Polydrugs

Polydrugs

  • Published in Alcohol

Polydrugs

What is Polydrug use: 

Polydrug use  refers to the  use  of two or more drugs in combination to achieve a particular effect.  

How do people take Polydrugs: 

A typical drug taking session often starts with alcohol and is then accompanied by other drugs.   

Where are Polydrugs taken: 

Polydrug use is common in social contexts where the occasion involves clubs, pubs, dance venues, festivals, street drinking and parties.   

Why do people use Polydrugs: 

Most often users would be seeking a particular effect to suit the social situation they are in, and will choose from among the range of drugs that they are familiar with to achieve it. In Dublin 15, polydrug use is perceived as the norm and is predominantly done at weekends with people aged 15 and over. The type of drugs used together included the following: alcohol, weed, ecstasy, cocaine powder, synthetic stimulants, benzodiazepines and z drugs.    

If I did cocaine...I’d need something to come down and I’d use whatever is nearest...heroin, benzos, methadone.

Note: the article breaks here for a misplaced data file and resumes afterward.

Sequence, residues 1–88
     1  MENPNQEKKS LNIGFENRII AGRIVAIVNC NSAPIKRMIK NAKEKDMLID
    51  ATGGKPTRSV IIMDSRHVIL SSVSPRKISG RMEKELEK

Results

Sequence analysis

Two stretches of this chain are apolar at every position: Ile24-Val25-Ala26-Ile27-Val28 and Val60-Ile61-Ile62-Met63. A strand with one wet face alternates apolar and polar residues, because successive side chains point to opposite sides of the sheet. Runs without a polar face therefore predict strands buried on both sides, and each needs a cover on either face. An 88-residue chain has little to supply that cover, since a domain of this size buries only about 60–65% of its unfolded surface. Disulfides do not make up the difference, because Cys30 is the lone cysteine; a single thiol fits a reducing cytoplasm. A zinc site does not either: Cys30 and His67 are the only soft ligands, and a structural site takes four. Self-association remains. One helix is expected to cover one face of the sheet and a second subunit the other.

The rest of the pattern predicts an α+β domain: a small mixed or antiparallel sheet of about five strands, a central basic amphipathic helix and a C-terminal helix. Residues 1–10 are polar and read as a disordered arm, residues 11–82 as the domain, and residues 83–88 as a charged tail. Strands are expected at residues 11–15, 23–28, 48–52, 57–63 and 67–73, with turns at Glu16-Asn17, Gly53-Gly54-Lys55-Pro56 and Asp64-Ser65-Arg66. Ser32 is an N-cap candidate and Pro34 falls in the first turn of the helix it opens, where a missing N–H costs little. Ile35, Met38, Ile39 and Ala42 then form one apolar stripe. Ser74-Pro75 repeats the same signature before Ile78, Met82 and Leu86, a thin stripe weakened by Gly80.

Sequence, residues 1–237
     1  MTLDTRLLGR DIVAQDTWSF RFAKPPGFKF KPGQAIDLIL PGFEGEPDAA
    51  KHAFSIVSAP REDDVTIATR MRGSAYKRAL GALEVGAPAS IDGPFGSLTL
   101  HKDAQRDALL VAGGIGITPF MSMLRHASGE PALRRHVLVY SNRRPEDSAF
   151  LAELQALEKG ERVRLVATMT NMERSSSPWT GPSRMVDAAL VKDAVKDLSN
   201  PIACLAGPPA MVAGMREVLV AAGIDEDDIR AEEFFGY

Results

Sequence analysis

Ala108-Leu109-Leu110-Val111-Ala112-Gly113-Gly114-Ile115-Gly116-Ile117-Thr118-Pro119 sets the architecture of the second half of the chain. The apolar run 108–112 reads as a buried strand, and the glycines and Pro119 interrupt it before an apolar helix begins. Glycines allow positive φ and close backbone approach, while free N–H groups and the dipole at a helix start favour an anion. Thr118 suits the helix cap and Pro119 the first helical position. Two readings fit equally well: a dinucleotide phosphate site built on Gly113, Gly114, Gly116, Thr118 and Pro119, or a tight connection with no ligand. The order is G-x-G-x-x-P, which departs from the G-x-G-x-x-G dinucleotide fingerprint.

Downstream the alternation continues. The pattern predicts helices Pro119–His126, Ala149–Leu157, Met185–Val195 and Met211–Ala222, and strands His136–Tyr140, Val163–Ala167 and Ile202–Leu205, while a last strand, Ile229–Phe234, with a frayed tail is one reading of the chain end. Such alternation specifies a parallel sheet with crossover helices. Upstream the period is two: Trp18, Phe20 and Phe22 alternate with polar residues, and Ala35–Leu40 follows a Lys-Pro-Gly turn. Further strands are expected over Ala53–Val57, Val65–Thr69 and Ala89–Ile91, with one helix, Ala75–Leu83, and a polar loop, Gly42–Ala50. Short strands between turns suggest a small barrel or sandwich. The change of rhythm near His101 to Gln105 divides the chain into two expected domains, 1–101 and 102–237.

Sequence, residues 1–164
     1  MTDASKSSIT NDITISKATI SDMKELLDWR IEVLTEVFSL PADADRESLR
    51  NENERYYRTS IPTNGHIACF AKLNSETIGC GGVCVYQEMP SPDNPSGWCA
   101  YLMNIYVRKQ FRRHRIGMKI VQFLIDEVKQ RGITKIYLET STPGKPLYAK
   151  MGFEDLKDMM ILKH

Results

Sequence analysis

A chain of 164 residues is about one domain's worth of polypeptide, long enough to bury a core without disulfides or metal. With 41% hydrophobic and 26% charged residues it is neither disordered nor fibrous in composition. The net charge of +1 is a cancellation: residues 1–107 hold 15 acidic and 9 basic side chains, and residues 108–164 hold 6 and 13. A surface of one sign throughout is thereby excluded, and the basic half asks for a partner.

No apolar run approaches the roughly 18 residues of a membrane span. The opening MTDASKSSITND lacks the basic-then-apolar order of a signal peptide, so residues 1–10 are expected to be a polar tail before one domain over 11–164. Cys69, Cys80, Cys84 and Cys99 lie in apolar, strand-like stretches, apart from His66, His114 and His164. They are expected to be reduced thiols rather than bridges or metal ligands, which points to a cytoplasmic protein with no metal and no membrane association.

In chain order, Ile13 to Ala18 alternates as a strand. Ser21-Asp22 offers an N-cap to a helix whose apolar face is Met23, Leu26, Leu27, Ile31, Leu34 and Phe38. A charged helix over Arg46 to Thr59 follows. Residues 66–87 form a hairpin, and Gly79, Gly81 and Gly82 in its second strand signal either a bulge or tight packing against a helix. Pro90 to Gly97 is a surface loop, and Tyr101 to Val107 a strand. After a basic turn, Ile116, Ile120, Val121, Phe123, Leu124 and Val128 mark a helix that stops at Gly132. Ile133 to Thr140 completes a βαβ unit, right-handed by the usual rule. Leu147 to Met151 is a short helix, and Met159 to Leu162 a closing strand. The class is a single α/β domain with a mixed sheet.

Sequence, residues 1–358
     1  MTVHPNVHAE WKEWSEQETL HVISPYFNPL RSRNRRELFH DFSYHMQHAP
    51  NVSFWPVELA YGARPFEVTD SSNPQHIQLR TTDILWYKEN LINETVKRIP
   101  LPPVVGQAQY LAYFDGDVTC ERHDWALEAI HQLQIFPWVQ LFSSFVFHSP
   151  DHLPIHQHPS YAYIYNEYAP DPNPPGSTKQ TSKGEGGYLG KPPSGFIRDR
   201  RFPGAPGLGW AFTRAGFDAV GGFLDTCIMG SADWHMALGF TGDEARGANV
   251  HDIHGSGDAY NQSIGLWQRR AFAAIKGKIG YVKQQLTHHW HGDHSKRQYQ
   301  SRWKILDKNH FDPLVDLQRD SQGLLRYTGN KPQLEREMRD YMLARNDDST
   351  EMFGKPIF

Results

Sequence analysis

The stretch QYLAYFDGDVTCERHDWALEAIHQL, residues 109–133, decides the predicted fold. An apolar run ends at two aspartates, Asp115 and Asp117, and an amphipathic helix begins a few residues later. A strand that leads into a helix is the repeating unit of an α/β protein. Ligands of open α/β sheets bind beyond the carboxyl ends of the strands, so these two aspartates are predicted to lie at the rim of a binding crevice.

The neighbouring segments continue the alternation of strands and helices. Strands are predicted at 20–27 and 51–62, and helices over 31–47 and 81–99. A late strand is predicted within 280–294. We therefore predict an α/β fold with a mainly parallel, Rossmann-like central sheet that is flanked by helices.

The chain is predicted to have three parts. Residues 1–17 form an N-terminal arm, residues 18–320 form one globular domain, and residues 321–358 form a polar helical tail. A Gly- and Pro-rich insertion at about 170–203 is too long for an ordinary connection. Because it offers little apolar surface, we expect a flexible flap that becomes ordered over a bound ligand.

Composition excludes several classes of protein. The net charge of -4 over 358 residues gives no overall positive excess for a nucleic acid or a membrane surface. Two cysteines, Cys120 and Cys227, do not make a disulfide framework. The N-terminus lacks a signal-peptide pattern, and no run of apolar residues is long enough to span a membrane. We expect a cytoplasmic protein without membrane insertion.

Treated drug user, DATMS report 2016 

 Heavy alcohol use plays a key role when combining drugs. Sometimes people drink more than normal while using other drugs, or alternatively, if they were feeling the effects of drinking too much alcohol they turn to drugs to sustain themselves. The drug prevalence data for 2010/11 reported that after cannabis, ecstasy and cocaine powder were the most commonly used illegal drugs (NACD, 2011).   

  

Effects from using Polydrugs: 

In 2014 the National Advisory Committee on Drugs and Alcohol (NACDA) research found that polydrug use is associated with a number of negative consequences including mental and physical ill-health, violence, aggression and a range of social problems. Polydrug use is more likely to result in accidents and death (including death from overdose) than when a single substance is consumed.    

Treatment for Polydrug misuse: 

Polydrug use is more complex to treat, requiring services that can treat both alcohol and other drug dependence while providing a broad range of interventions, and is associated with poorer treatment outcomes. 

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